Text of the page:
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What to Look for in Replacement Windows

  • Transcript

    LESLIE: Rick in Utah’s got a window question. What can we help you with?

    RICK: I’m looking at finally biting the bullet and putting in new replacement windows in my 50-year-old home.

    TOM and LESLIE: OK.

    RICK: And I tell you what. Everybody’s got a story on replacement windows. There are more things that people throw at you …

    TOM: Oh, man, don’t they?

    RICK: I had less trouble picking out my wife than picking out windows. (Tom and Leslie laugh)

    TOM: I got to tell you. You know, we get commercials to record from time to time and it’s very important to us that those commercials are honest. And we had a script once where it was from a window company and it said, “You’ll save 50 percent on your energy dollars if you put in our windows.” I called the salesman up and I said, “If you had no windows and now you have windows maybe you’ll save 50 percent.” But other than that, I don’t think that’s – I think that’s a bit of an overstatement. So you’re right. They do throw a lot of things at you, so let me give you some tips here.

    First of all, if you choose a window that’s Energy Star-rated, that’s going to enable you to make an apples-to-apples comparison from window to window. If it’s not Energy Star-rated I wouldn’t even think about choosing it. Energy Star is a government-run program run the Environmental Protection Agency. They set standards for energy efficiency for manufactured products. You can go to their website at EnergyStar.gov and get some tips on that. That’s the best way to make sure you’re going apples to apples. These guys that come and promise you the moon, they probably can’t deliver it.

    LESLIE: Mm-hmm, and you also want to look at the NFRC – National Fenestration Rating Council. That’s going to be another sticker on the window. Again, that’ll help you do the same.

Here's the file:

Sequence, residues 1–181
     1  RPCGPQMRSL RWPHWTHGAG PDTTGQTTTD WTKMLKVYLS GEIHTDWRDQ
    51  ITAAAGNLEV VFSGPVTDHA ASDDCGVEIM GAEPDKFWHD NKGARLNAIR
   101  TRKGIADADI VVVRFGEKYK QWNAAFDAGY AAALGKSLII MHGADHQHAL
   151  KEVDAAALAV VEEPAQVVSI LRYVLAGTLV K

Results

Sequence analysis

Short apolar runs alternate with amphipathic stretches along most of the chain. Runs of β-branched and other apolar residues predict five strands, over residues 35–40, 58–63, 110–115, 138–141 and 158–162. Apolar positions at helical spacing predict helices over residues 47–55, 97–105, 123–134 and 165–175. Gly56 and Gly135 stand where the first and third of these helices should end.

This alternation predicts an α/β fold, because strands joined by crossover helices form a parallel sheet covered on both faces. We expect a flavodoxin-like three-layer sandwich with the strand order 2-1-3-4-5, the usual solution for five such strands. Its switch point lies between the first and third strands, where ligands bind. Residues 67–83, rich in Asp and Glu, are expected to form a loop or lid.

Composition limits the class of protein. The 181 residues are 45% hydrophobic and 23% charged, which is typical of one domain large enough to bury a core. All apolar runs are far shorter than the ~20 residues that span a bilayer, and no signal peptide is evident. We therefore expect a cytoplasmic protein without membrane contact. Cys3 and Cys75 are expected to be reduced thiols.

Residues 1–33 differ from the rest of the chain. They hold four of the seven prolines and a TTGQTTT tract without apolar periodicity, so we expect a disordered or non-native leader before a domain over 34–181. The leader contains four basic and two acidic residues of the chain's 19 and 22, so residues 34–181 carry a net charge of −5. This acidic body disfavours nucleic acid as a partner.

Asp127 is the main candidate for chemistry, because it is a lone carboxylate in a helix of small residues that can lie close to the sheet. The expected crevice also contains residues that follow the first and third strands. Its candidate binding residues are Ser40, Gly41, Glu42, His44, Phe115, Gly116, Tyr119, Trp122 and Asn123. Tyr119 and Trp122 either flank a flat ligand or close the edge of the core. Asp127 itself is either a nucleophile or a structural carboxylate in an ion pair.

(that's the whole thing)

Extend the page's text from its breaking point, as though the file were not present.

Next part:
RICK: Well, I’ve been looking at triple-pane windows versus double-pane windows. Now there’s a double-pane window with a membrane in the middle …

    TOM: Mm-hmm.

    RICK: … and then they have argon-filled and then they have krypton-filled. So I was just looking at what your feelings on all these are.

    TOM: I can tell you that in northern part of the country you’ll probably get a better return on investment from triple-pane than if you live down in the south. So, if you have some pretty hard winters there in Utah you might want to consider the triple-pane. If you live farther south in the country though, you probably wouldn’t get the return on investment. Triple-panes are generally more expensive than double-panes.

    LESLIE: Mm-hmm.

    RICK: Well, what they do with the triple-pane that I’m looking at is it covers – it occupies the same space as a double-pane, so there’s actually now less space between the middle pane and the outside pane. And so (INAUDIBLE) …

    TOM: Right, but they are slightly – but they are slightly more energy-efficient, generally speaking.

    LESLIE: Mm-hmm. And they’ll offer better acoustics but you might lose a bit of visibility.

    TOM: Right. But again, go back to the basics. Look for windows that are Energy Star-rated. Use that as the standard between different manufacturers and you can’t go wrong.

    RICK: OK, and argon versus krypton-filled?

    TOM: It depends. Both of those are adequate insulating gases but there’s other factors that apply here. There is the visible light transmittance; how much light gets through; how much UV gets through. There’s a lot of things. So we can’t just go for argon over krypton or krypton over argon because there are a lot of other factors. It’s a system. All of these factors work together in a system and so, if you don’t consider it as a whole then you’re not going to make the right decision. That’s why you want to check the ratings from the National Fenestration Rating Council and the ratings from Energy Star to determine whether or not the window is energy efficient and then compare from those that pass those tests to make the decision on the actual window that you buy.

    LESLIE: And definitely, when you do decide, have those manufacturers or the installer come in and measure the windows themselves for the replacement. This way, if they make a mistake they’re responsible. And there are a lot of confusing places you do need to take measurements, so it’s better to just have someone come in and do that for you.

    RICK: I plan to do that. I appreciate you. Thank you. Thank you very much.

    LESLIE: Thanks, Elvis.

    TOM: (chuckling) Thanks so much for calling us at 888-MONEY-PIT.

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